Main doors should be locked after everyone has entered the building. A team member will need to watch the doors to open them as needed. Doors to particular zones in the church, such as the children’s wing, should be locked during the service. Teachers should know how to block secondary doors as needed. Alternative exits should be visible and easy to access in the event of a safety threat. Thinking about making doorways safer is a simple yet valuable exercise.
4. Build relationships and protect them.
Nearly half of the church-related shootings over the last two decades have stemmed from domestic disputes. Faithful pastors frequently find themselves in the midst of these issues—reporting to authorities, counseling victims, and extending benevolence. Even if you’re not aware of these circumstances, your small group and Bible study leaders probably are.
As these situations come to light, have a defined process by which your security team is informed along with formal reporting to civil authorities. Once the security team knows, they can ensure the information is conveyed to the children’s workers, issue a trespass notice, and/or alert the security workers. As emotionally exhausting and volatile as it is to shepherd a victim through domestic violence, your involvement and awareness could play a preventative role in keeping everyone safe at your church’s gatherings.
5. Hope for the best. Plan for the worst.
Develop plans for active shooters just as you would for other horrible events you hope would never happen in your church. A good plan executed imperfectly almost certainly has better results than no plan at all.
A good plan executed imperfectly almost certainly has better results than no plan at all.
Appoint a security team in your church who is aware of the latest research and best practices. Ensure that the team has developed and practiced reasonable plans to deter and respond to threats at your church. Pursue appropriate licensing for your security team, if necessary. Train your childcare workers to respond to fires, medical emergencies, and violent threats.
6. Seek wisdom.
Even after eight years in various kinds of security work and numerous hours of training inside the classroom and out, I know these pieces of advice are just the tip of the iceberg—and may need to be adjusted given your scenario.
So, don’t take my word for it. Pray that God gives you wisdom on how best to care for the bodies and souls of those under your care.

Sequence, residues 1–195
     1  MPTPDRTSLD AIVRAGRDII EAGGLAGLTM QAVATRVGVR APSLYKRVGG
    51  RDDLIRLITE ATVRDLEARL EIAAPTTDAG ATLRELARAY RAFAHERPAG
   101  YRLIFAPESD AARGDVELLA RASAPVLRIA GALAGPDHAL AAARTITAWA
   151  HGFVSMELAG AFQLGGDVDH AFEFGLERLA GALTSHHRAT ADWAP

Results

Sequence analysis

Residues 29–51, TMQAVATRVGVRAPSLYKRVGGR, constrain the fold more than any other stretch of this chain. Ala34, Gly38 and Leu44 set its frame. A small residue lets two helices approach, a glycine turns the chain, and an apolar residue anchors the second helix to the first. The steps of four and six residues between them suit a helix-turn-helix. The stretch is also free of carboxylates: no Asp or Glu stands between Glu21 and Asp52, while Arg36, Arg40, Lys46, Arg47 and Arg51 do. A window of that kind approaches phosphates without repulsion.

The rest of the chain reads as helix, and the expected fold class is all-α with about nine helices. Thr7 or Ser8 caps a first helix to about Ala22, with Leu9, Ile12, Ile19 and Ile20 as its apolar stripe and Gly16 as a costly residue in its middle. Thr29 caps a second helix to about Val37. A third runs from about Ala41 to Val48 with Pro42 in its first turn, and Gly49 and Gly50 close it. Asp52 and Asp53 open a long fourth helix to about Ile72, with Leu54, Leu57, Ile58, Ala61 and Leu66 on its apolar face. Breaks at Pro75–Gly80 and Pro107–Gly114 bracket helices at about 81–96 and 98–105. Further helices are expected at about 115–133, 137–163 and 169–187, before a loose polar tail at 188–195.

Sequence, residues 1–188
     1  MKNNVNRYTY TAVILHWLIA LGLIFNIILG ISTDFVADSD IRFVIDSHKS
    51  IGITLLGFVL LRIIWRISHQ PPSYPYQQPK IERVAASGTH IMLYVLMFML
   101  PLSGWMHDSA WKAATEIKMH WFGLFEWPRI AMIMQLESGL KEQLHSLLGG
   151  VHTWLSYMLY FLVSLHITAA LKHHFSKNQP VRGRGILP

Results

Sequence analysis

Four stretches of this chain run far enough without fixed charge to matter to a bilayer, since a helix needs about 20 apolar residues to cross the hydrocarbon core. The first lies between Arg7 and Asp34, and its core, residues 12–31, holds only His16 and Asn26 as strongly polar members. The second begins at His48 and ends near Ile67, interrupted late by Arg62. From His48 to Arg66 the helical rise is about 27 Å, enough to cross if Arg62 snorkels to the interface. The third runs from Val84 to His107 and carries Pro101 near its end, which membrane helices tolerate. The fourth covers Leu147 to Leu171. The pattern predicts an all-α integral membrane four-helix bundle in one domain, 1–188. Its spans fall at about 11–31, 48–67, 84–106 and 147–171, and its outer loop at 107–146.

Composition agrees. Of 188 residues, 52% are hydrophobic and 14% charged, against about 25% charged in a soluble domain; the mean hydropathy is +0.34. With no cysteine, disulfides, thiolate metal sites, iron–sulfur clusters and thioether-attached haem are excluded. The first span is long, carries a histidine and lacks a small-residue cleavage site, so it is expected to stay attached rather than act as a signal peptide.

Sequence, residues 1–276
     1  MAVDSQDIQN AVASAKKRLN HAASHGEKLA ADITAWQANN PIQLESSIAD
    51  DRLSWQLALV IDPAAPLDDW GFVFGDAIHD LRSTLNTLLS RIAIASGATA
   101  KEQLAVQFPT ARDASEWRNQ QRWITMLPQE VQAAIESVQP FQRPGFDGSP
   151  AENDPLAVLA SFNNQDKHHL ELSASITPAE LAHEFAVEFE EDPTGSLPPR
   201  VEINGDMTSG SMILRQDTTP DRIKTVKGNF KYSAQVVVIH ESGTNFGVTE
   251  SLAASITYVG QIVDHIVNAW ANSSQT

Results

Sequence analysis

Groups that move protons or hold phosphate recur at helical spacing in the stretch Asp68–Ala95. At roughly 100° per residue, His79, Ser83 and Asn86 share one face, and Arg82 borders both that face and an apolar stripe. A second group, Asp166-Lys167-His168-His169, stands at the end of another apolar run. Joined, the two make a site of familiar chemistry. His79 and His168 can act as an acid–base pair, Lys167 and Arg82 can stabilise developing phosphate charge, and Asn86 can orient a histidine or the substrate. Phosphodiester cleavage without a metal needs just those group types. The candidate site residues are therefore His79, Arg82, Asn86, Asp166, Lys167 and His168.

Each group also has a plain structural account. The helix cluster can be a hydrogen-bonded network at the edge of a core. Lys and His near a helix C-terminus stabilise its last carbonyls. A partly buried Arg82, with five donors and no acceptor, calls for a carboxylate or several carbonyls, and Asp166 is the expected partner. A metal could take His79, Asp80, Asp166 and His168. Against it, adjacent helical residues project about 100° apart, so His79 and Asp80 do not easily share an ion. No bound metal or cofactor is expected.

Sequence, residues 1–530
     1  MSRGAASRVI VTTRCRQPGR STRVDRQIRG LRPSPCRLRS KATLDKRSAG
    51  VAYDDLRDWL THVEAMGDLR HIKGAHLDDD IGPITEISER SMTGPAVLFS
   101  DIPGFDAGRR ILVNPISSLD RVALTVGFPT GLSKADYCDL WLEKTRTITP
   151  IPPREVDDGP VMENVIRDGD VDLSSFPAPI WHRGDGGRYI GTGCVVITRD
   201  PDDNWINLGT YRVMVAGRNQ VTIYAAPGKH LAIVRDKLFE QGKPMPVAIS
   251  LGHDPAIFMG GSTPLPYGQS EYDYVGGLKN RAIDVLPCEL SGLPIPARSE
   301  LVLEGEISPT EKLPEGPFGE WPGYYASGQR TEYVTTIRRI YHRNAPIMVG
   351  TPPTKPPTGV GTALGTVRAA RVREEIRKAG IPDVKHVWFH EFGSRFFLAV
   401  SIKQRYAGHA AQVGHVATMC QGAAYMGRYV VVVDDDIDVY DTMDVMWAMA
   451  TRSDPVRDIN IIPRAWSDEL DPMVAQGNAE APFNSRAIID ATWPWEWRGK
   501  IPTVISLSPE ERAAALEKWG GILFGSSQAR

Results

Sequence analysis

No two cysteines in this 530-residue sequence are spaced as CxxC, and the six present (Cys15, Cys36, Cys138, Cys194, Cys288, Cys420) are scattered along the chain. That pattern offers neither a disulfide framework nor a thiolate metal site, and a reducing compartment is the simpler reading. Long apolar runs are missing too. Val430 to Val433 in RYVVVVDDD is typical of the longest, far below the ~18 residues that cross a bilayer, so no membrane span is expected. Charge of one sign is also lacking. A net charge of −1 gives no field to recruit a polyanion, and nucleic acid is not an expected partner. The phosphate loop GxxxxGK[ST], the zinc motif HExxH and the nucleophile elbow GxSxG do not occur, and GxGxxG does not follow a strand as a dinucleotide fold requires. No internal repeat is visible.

Thankfully, you don’t have to be the expert on every issue. God has also given us talented people in our churches who can assist in this area. Talk to members with security, law enforcement, or military experience. Seek out experts in the community. Develop friendships with local law enforcement and treat them to a meal in exchange for their feedback on your plans. Create forums for your community to discuss safety and security concerns. Subscribe to local police and neighborhood reports so you can be better aware of trends in your area. Talk with your insurance company to see if they have any free resources. And—if you have a sizable risk or sizable budget—consider hiring a security consultant to meet with your security and leadership team for training.
7. Don’t let fear sideline mission.
I remember visiting a small church in a suburban setting. As I approached the worship center, a door came flying open. A short, balding gentleman pressed a bulletin into my hand and said, “Here.”
No one said hello, so I slipped into a seat in the back row. I thumbed open the bulletin and noticed a line at the bottom left corner: “All persons, objects, and bags are subject to search.” On a hunch, I watched my “greeter” occasionally throughout the rest of the service. Sure enough, he stayed posted at the main entrance, nervously watching the parking lot like a hawk. I left feeling as if I had undergone a risk assessment, rather than received a welcome from brothers and sisters.
Pastors, security paranoia is noticeable. It creates a false sense of security for insiders and awkwardness or even fear for outsiders. Let the church’s mission drive your security team, not the other way around.
Yes, we’re called to be wise about safety. But we’re also charged with being generous, hospitable, and bold in sharing the gospel. We can worship and work with peace and confidence, knowing we have nothing to be afraid of, because our days are numbered by the God who is our ultimate security.